Radicalisation in Muslim Schools

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Six Muslim private schools at risk of extremist influence according to Ofsted



Ofsted’s chief inspector Sir Michael Wilshaw said the school’s, “physical and educational welfare is at serious risk”, after a number of emergency inspections. He argued that the schools, all from Tower Hamlets, London, focused too heavily on Islamic teachings.


Education Secretary Nicky Morgan warned the schools would be closed if changes were not made, she said, “We asked Ofsted to carry out these independent school inspections and the findings are very concerning. While there is no suggestion of a coordinated plot, it is clear that these schools are failing children and this is unacceptable.”


“All schools must prepare children for life in modern Britain.”


In one school the students did not know the difference between British law and Shariah law. Secondary boy’s school Mazahirul Uloom School in Tower Hamlets concentrated only on Islamic themes and has faced the most criticism.


Sir Michael wrote to Nicky Morgan saying, “I am extremely concerned about the large number of failings in each of the six independent schools inspected.


“I am not convinced that the leaders of these schools have sufficient capacity to bring about the necessary improvements to safeguarding, the curriculum and the quality of teaching and learning.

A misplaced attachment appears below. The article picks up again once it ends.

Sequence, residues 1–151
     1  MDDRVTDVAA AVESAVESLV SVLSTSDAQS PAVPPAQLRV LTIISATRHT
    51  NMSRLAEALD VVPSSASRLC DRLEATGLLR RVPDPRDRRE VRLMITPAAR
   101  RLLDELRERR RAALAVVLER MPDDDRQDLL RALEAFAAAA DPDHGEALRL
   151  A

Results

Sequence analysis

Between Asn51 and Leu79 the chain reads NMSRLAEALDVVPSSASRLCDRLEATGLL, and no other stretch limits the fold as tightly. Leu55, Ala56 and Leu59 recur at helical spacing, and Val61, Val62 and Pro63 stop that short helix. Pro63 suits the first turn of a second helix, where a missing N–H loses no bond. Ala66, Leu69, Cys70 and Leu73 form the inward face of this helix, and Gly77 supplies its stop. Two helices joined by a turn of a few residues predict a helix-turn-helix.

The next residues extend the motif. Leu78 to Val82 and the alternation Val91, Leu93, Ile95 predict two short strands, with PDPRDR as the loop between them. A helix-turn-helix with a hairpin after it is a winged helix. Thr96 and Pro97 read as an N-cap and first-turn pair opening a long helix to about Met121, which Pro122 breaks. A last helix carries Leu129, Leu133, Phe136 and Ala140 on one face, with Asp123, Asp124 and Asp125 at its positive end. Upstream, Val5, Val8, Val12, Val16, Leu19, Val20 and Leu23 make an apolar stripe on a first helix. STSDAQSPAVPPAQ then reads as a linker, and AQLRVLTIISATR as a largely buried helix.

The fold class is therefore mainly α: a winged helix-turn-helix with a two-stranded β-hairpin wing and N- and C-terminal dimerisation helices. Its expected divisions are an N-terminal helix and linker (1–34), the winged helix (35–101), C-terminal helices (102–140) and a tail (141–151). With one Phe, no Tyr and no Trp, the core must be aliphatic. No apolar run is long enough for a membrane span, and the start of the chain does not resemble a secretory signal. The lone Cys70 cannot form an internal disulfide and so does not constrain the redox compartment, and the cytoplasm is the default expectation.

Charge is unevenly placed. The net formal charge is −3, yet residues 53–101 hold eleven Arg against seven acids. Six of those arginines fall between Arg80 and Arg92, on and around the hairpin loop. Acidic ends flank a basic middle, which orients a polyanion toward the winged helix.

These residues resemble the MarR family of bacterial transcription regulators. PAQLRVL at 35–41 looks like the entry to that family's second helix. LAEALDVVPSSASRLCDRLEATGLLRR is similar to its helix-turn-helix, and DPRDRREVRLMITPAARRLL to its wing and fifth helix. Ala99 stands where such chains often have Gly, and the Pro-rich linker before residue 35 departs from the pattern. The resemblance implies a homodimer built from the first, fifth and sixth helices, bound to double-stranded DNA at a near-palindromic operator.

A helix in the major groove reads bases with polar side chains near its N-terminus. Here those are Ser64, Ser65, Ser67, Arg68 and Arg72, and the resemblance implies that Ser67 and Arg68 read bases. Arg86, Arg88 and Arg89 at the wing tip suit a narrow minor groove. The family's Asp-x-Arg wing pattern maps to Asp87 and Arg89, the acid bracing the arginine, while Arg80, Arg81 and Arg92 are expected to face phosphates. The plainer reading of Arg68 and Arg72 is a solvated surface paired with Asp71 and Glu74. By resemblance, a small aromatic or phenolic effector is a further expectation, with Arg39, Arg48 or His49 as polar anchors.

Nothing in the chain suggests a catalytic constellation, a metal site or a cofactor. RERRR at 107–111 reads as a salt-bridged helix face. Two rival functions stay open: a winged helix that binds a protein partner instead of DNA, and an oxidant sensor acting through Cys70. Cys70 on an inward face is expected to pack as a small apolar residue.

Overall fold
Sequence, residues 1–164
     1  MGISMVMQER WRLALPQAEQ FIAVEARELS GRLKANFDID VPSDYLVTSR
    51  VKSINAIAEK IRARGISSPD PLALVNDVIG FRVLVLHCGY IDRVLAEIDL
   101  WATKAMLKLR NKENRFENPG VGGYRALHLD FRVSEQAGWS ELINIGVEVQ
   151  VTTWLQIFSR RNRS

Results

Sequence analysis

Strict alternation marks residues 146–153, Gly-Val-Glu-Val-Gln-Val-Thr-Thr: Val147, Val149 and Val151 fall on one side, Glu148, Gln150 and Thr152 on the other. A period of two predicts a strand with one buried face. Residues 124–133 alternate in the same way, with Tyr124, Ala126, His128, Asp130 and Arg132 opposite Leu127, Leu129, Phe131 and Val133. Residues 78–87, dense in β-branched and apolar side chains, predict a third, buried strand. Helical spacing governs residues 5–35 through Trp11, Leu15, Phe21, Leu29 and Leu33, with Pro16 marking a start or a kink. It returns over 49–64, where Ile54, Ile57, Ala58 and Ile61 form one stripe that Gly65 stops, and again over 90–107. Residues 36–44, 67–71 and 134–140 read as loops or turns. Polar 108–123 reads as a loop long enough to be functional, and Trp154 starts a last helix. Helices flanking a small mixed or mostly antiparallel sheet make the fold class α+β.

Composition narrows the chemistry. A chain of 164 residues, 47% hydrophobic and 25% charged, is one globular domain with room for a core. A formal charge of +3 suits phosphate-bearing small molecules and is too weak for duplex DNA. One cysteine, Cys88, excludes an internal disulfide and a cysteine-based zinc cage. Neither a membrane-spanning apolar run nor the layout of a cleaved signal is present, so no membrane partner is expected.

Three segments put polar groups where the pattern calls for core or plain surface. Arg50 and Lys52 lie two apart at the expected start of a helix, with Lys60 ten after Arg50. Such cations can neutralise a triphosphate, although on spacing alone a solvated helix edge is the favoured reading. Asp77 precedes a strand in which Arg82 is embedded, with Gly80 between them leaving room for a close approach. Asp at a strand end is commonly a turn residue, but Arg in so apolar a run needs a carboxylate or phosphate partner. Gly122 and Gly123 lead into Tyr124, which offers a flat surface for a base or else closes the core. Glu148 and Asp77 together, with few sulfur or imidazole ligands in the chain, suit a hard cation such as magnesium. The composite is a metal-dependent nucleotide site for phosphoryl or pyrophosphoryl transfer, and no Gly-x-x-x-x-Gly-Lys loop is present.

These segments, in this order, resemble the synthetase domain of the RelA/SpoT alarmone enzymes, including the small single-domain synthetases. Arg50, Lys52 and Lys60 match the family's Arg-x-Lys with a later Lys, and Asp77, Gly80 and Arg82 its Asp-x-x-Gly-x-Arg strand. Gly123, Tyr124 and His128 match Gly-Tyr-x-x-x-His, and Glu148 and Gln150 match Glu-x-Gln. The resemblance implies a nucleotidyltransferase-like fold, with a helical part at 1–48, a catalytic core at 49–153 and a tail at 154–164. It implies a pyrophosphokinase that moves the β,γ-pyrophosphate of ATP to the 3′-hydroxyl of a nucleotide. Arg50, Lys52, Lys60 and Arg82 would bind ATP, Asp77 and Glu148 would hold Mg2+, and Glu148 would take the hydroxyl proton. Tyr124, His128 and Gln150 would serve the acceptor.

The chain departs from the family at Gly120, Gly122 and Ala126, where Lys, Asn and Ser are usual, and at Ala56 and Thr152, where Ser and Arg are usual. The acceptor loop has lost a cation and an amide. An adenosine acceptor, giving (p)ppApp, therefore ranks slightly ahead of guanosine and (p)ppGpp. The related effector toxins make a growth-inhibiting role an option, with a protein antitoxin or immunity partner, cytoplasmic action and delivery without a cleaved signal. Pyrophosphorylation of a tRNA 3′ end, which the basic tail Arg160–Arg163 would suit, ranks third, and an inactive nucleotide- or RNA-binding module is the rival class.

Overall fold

“I believe that, in all six schools, pupils’ physical and educational welfare is at serious risk.


“Given the evidence gathered from these inspections, particularly in relation to the narrowness of the curriculum, I am concerned that pupils in these schools may be vulnerable to extremist influences and radicalisation.”


The schools were said to not teach art, music or drama. They also were not taught about other religions and reportedly had very narrow views of women in society. Some students told inspectors, “Women stay at home and clean and look after the children. They cook and pray and wait for us to come back from school with homework.”


The report also stated that checks were not carried out on the suitability of external speakers and children were at safety risks as staff recruitment checks were not strict enough.


The report said, “The narrowness of the curriculum means that students’ spiritual, moral, social and cultural education, in particular their understanding of the fundamental British values of democracy, the rule of law, individual liberty and mutual respect and tolerance, is underdeveloped.”


Other problems outlined included no physical education classes, segregation of girls and boys and library books written only in Arabic.


The council said it had no influence over teaching and standards at independent faith schools and all it could do was offer safeguarding training and advice to schools.


“We have repeatedly offered this assistance to independent schools locally but we cannot compel them to accept this help.

“We can – and we do – intervene when individual safeguarding issues are raised.


“We robustly act to the limit of our powers. We are of course happy to discuss with Ofsted and the Department for Education what role we can play within existing legislation to improve the safeguarding practices at these schools.”


Independent schools, academies and free schools already have to follow the Independent School Standards (ISS), which outlines that schools encourage pupils to “respect” British values.

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